A home with a fireplace is an amazing luxury. There are a few things that are better than listening to the relaxing crackle of a fireplace on a chilly winter night. However, all of that comfort will go right down the drain if a chimney fire should take place. So before you plan on being on snuggly and warm, follow these steps to ensure your safety:
1.) Check the chimney for animal nests. It’s not uncommon for birds and other animals to nest in unused chimneys. Think about; they’re safe from almost any predators, and it’s a sturdy shelter safe from various harsh weather conditions. Of course the problem arises the first time you light a fire, and either the nest catches on fire from the sparks shooting up the chimney, or the smoke has nowhere to go and backs up into the home.
2.) Hire a professional. Hire a chimney sweep to clean out creosote and soot build-up. Both of these things drastically increase your risk of chimney fires, and even if your house manages to survive a chimney fire, the chimney brick may crack due to the extreme heat. Replacing a chimney is less expensive than replacing an entire house, of course, but it’s still pretty darn expensive. It’s also important to check the storm cap, spark arrester, damper, firebox and ash pit. If you’re unsure of your footing on the roof or have no idea what these things are, have a professional check it for you.
3.) Ensure proper ventilation. Open fireplaces need more oxygen for combustion, so it’s important to make sure you have enough oxygen available. It’s also smart to install a carbon monoxide detector and a smoke detector close to your fireplace before you ever use it for the first time.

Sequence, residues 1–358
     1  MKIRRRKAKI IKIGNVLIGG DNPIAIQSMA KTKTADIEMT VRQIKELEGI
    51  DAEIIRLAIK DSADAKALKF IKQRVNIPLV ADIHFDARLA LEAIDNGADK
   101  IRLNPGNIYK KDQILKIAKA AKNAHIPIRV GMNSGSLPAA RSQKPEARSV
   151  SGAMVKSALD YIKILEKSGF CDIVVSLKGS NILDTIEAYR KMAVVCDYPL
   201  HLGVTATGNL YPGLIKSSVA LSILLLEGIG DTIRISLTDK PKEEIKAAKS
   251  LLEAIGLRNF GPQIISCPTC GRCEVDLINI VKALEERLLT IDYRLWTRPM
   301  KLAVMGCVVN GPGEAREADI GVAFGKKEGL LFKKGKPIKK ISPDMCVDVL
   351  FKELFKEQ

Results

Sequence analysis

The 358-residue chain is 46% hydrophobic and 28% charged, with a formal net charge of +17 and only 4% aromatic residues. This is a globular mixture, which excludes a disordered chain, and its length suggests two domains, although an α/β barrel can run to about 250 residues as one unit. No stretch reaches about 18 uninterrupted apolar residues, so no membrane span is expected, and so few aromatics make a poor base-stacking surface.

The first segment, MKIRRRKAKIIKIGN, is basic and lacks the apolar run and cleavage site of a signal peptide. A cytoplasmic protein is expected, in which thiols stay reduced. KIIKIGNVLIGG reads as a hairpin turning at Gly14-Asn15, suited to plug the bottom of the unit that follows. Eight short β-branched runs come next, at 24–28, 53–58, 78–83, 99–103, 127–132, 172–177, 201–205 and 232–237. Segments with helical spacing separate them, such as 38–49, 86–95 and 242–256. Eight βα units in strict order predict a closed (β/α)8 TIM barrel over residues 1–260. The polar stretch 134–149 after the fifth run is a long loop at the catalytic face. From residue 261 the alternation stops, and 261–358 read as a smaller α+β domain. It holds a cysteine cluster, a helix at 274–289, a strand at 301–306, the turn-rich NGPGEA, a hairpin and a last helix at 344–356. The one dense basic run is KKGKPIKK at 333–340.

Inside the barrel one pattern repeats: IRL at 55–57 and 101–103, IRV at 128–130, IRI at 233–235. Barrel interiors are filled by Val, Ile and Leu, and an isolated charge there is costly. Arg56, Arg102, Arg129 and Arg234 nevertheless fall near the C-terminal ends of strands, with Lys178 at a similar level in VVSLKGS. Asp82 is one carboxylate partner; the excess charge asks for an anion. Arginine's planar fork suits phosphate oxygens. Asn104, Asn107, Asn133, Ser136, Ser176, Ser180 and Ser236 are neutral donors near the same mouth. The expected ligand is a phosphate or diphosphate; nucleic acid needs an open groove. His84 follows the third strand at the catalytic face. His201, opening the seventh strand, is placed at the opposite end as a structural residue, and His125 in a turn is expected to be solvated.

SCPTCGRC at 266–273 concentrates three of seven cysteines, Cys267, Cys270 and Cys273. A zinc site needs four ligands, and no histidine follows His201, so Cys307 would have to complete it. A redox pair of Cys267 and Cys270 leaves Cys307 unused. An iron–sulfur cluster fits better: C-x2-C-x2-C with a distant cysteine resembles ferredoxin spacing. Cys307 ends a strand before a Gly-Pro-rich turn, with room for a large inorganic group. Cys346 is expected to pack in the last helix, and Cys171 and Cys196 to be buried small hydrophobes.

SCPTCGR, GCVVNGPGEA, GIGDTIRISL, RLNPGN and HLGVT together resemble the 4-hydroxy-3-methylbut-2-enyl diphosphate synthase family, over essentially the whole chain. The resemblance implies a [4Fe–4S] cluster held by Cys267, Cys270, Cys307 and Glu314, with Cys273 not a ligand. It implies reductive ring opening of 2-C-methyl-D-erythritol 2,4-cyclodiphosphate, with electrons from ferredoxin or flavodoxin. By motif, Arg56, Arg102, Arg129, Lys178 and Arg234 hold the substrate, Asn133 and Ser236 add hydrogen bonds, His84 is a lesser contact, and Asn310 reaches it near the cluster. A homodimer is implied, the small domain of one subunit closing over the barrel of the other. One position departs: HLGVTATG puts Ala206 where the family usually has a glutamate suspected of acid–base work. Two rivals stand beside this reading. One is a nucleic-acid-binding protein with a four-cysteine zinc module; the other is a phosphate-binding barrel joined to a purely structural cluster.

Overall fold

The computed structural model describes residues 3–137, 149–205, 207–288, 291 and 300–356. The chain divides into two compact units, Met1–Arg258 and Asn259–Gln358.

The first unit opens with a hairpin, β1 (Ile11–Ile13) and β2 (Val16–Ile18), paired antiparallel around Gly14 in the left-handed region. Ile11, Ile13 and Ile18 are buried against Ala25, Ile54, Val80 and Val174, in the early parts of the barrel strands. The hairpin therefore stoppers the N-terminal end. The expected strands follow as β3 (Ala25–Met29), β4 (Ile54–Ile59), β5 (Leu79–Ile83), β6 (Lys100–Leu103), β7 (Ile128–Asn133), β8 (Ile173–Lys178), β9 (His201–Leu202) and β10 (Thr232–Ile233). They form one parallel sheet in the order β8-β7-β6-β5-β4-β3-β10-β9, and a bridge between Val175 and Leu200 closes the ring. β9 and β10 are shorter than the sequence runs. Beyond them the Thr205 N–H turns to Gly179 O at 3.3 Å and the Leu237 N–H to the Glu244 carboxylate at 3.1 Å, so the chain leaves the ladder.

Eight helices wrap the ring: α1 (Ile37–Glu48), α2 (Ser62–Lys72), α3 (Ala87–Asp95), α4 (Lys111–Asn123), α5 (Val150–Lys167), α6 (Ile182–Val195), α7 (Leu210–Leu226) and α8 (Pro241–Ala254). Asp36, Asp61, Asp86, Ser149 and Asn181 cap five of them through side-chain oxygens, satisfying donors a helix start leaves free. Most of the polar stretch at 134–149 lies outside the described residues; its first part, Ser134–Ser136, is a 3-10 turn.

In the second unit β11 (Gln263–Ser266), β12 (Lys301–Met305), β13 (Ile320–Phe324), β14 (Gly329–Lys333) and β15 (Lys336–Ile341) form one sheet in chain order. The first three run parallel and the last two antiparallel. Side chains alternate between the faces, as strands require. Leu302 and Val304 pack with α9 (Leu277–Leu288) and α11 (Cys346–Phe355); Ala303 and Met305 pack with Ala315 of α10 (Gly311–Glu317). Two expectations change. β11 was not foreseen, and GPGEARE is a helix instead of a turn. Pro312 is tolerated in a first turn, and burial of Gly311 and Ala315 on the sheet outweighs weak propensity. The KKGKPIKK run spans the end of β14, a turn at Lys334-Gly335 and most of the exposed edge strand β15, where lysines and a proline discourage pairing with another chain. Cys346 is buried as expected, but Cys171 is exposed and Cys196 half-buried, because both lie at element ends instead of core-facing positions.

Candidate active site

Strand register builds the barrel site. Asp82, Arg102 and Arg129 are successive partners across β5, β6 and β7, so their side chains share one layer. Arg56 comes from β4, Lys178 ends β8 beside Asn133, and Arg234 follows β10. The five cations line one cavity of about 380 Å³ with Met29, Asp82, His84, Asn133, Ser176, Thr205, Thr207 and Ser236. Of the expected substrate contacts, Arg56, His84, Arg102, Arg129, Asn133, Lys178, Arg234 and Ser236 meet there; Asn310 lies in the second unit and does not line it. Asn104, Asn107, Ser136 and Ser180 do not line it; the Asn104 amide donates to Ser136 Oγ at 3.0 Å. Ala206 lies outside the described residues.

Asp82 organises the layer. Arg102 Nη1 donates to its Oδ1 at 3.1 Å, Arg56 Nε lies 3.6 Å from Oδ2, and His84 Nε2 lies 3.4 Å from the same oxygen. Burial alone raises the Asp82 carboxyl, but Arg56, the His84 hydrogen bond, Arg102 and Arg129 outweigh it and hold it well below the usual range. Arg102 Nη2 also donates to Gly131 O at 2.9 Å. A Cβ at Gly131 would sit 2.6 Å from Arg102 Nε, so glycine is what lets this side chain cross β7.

4.) Protect your stuff. Installing a screen or doors to the front of your fireplace will keep sparks from burning your carpet (or worse). And make sure all of your things are at a proper distance from the fireplace. Couches, magazine racks or really anything that’s remotely flammable should be kept at a proper distance from your fireplace. In addition, you won’t want to leave any pets or children alone in the room with a burning fire and no supervision.
5.) Burn the right things. Dry, cured hardwoods tend to burn cleaner and longer than soft woods. It’s also advised not to use any kind of igniters, like kerosene or lighter fluid. A few crumpled newspapers, some kindling and a match should get the job done. Oh and don’t burn things you aren’t supposed to burn, like trash. Not only is it dangerous, but it can make your house smell awful.
When your fireplace isn’t in use, keep it clean by removing cooled ashes and disposing of them in a metal bucket. If you maintain your fireplace as you use it you should have no problem starting it up again next year when the temperatures begin to cool down again.